Thus, comparative institutional analysis seems to indicate that judicial intervention was appropriate at the time of Hamdi and Rasul. Obviously the Court's involvement advanced the goal of protecting individual liberty. On the other hand, as the Court itself noted, it was unlikely that the basic process called for by the majority in Hamdi, or the habeas reviews mandated in Rasul, would "have the dire impact on the central functions of warmaking that the Government forecasts."146 While the dissenters criticized the judiciary for making such forecasts in light of the Court's institutional incompetence in national security matters, the criticism is misplaced. Simply because judges are generalists (by design) does not imply that they are incapable of becoming competent. In fact, the very framework under which the judicial system operates is one in which a litigant must convincingly prove his case to the trier of fact. To the extent that the executive truly believed that judicial interference would outweigh individual liberty interests, it simply failed to prove it. Indeed, this is likely exactly what happened, given that the executive itself could not precisely measure any potential threat posed by providing the hmited procedural protections called for in these cases. In contrast, however, the threat to individual liberties was perfectly clear. As the Hamdi Court notes, "detention could last for the rest of [a detainee's] life."147 While such extreme measures may have been appropriate in the immediate aftermath of 9/11, after two years the least the Court could do was impose minimal procedural requirements on the executive.
Finally, while the issues underlying Hamdi and Rasul could arguably have been left to the political processes of the executive and legislature, as highlighted above, malfunctions within those systems made such reliance impractical. In a majoritarian system, minorities are marginalized and lack the voice necessary to promote change. Judicial intervention may therefore be necessary when the malfunctions are so egregious - as here - that change cannot wait for the voting cycle or for the majority to become more informed or enlightened.
3. Hamdan and Boumethene
As with Hamdi and Rasul, the tipping point for judicial intervention in Hamdan and Boumethene seems to have been connected to the length of both the war on terror and the detainees' incarceration. By the time his case was decided in 2006, Hamdan had been in U.S. custody for nearly five years. Moreover, the Court noted that at least some of the petitioners in Boumethene had been detained for six years "without the judicial oversight that habeas corpus or an adequate substitute demands."148 Perhaps just as importantly, there was recognition by at least one member of the Court that the nature of the war on terror was fundamentally different than previous wars, and that institutional roles needed to adapt accordingly. Specifically, Justice Kennedy noted that "[b]ecause our Nation's past military conflicts have been of limited duration, it has been possible to leave the outer boundaries of war powers undefined. If, as some fear, terrorism continues to pose dangerous threats to us for years to come, the Court might not have this luxury."149 Despite this sweeping language, the Court still took a measured approach. It did not, for example, address any potential claim as to whether the CSRT procedures created after Hamdi were sufficient to satisfy due process. Likewise, the Court did not ban the use of military commissions altogether; it simply imposed a requirement that they be conducted in accord with existing law.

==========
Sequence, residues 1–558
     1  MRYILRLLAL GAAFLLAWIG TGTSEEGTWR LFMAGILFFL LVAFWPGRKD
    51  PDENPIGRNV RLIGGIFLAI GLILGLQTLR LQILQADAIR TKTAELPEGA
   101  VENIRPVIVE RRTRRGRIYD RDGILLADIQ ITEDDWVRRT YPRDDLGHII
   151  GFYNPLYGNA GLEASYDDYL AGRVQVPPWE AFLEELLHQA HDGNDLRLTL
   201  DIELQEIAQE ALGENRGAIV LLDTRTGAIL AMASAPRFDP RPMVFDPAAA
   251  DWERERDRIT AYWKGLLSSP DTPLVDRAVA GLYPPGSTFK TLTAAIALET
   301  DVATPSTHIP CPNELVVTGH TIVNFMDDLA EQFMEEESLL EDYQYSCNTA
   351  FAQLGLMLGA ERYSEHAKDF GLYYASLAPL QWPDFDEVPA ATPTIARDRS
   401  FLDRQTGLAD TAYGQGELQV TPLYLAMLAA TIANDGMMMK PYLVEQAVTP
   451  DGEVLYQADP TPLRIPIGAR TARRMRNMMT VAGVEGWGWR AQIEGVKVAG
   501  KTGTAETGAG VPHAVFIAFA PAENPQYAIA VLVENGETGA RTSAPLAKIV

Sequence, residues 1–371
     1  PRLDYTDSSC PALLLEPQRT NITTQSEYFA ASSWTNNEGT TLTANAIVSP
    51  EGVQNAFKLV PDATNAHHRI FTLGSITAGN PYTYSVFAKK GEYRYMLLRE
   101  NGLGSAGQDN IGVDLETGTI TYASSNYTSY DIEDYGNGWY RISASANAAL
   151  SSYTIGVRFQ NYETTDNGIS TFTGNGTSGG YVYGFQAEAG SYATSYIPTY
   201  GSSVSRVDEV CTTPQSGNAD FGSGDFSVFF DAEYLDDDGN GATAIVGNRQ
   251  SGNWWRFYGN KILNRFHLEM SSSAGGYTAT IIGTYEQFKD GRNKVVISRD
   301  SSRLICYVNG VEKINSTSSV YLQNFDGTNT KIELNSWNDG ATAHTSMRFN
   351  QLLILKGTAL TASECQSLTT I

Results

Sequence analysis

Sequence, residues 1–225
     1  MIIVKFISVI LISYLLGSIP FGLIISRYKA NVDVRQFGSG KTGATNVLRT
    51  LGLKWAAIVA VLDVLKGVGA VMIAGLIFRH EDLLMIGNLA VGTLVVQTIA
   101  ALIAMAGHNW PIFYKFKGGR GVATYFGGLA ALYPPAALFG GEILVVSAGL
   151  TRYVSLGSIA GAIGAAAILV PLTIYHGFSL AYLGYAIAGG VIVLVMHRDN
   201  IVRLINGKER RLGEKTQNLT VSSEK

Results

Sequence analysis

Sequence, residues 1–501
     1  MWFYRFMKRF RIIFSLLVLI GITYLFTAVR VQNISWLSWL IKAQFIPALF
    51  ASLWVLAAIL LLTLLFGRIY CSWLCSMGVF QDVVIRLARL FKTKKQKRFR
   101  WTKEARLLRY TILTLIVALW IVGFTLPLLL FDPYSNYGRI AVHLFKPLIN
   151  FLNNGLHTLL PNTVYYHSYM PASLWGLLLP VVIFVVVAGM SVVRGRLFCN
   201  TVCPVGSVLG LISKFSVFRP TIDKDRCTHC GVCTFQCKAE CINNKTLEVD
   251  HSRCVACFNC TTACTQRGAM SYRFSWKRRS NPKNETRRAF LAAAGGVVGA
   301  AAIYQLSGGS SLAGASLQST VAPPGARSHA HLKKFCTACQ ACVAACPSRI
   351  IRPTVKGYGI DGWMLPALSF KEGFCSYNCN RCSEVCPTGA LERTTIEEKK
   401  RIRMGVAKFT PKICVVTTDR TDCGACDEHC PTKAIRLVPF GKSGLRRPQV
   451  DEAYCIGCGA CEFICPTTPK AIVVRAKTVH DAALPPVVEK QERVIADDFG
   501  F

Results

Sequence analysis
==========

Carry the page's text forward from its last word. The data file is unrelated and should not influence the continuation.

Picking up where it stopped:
Again, applying comparative institutional analysis principles to these issues seems to suggest that it was wholly appropriate for the Court to intervene as it did. This is perhaps especially true in light of the fact that even some within the legislature were, by this time, calling upon the Court to clean up the mess related to detainee issues.150 Though times of crisis may in fact call for limitations on civil liberties, the necessity for such detentions without process inevitably became less pronounced as the war on terror continued. On this account, it is critical to underscore that the Court never suggested that detainees should be released or that there was necessarily cause to question their detention. Instead, the Court simply established that in order to preserve the nation's goals of liberty, equality, and justice, detainees should have been afforded an opportunity to challenge their incarceration. With the executive's detention policies, as well as the DTA and MCA passed by Congress, it is plainly obvious that no other institution was doing much to preserve those values for the detainees themselves. Conversely, given the limited nature of the Court's involvement and the executive's continued bias toward aggressive protection of national security, the appropriate balance seemed to have been struck. "Valid institutional comparison calls upon the courts to function when they can do a better job,"151 which is precisely what the Supreme Court did in both Hamdan and Boumethene.